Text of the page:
I gazed out at the rolling, green hills in Lancashire in northern England, noticing the stone fences enclosing some sheep dotted around the hills. Puffy clouds moved across the bright sky, and I inhaled deeply, drinking in the sight. When I remarked about the beautiful scene to the woman working at the retreat center I was visiting, she said, “You know, I never used to notice it before our guests would point it out. We’ve lived here for years; and when we were farmers, this was just the office!”
We can easily miss the gift of what’s right in front of us, especially beauty that’s part of our everyday lives. We can also easily miss the beautiful ways God works in and around us daily. But believers in Jesus can ask God’s Spirit to open our spiritual eyes so we can understand how He’s at work, as the apostle Paul wrote in his letter to the Ephesian believers. Paul yearned that God would give them the wisdom and revelation to know Him better (Ephesians 1:17). He prayed that their hearts would be enlightened so that they’d know God’s hope, promised future, and power (vv. 18–19).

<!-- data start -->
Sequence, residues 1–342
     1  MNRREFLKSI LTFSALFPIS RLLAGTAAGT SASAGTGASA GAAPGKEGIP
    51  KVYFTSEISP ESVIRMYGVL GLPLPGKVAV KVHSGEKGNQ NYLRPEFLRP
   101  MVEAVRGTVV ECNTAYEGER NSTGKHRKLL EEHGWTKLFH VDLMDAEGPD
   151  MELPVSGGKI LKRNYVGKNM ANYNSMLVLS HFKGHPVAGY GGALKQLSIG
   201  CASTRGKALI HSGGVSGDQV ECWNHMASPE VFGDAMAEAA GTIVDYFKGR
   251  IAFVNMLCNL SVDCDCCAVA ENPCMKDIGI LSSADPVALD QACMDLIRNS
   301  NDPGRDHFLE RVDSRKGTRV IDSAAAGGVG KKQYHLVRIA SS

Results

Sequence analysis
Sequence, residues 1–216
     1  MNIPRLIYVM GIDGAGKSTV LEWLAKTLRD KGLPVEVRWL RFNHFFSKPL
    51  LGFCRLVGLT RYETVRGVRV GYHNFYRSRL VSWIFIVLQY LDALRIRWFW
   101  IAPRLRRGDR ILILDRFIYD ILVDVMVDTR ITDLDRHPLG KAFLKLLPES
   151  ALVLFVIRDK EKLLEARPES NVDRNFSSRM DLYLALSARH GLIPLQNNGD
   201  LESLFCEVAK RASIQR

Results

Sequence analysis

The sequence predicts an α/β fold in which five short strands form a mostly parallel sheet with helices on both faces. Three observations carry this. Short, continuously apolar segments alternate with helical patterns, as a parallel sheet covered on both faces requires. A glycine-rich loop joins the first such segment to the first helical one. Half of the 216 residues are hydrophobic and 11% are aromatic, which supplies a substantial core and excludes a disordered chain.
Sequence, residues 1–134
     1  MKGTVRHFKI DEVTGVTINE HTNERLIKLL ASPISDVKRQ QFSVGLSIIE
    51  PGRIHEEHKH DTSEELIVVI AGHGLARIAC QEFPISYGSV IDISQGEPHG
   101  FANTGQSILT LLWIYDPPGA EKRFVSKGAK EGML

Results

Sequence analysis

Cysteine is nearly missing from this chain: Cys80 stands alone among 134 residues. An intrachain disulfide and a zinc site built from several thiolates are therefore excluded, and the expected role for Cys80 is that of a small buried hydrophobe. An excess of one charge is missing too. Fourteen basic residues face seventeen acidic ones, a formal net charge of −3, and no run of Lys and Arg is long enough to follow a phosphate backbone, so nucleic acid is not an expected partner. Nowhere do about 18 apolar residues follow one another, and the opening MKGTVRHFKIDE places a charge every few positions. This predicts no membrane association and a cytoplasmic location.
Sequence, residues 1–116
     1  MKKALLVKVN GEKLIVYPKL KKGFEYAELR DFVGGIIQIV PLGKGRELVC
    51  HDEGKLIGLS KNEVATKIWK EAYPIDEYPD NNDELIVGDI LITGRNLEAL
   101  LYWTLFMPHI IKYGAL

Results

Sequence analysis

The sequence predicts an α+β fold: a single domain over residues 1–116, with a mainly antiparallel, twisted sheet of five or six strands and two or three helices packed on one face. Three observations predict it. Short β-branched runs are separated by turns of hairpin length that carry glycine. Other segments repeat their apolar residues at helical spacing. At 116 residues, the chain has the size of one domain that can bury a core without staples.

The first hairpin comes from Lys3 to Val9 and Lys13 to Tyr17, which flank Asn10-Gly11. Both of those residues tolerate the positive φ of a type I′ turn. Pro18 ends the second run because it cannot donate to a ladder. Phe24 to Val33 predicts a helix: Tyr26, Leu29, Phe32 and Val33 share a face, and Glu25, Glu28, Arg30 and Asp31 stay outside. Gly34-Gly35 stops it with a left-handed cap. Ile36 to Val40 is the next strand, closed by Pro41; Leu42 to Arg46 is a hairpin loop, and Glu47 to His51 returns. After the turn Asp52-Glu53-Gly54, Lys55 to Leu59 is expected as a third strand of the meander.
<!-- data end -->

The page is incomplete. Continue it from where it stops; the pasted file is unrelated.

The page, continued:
God’s gift of the Spirit of Christ can awaken us to His work in us and through us. With Him, what may have once seemed like “just the office” can be understood as a place that displays His light and glory.
Where do you see God at work around you? How does seeing the world through spiritual eyes help?
Paul’s prayer in the first chapter of his letter to the Ephesians (vv. 15–23) works hand-in-hand with the prayer of the third chapter (3:14–21). Together they show what it takes to sense something of the astonishing, inexpressible, and expansive purposes, power, and love of God. Both prayers remind us that growing in the immeasurable love and boundless scope of God’s plans require more than our desire and capacity to believe (1:17–19; 3:14–21). Such “knowing” is a gift and evidence of the Holy Spirit who is with us and in us. Both prayers give us reason to consciously draw near to God. And both lead us into an understanding of what it takes to prayerfully counter the strategies of our spiritual enemy—by drawing near to and relying on the Spirit (1:15–17; 6:18).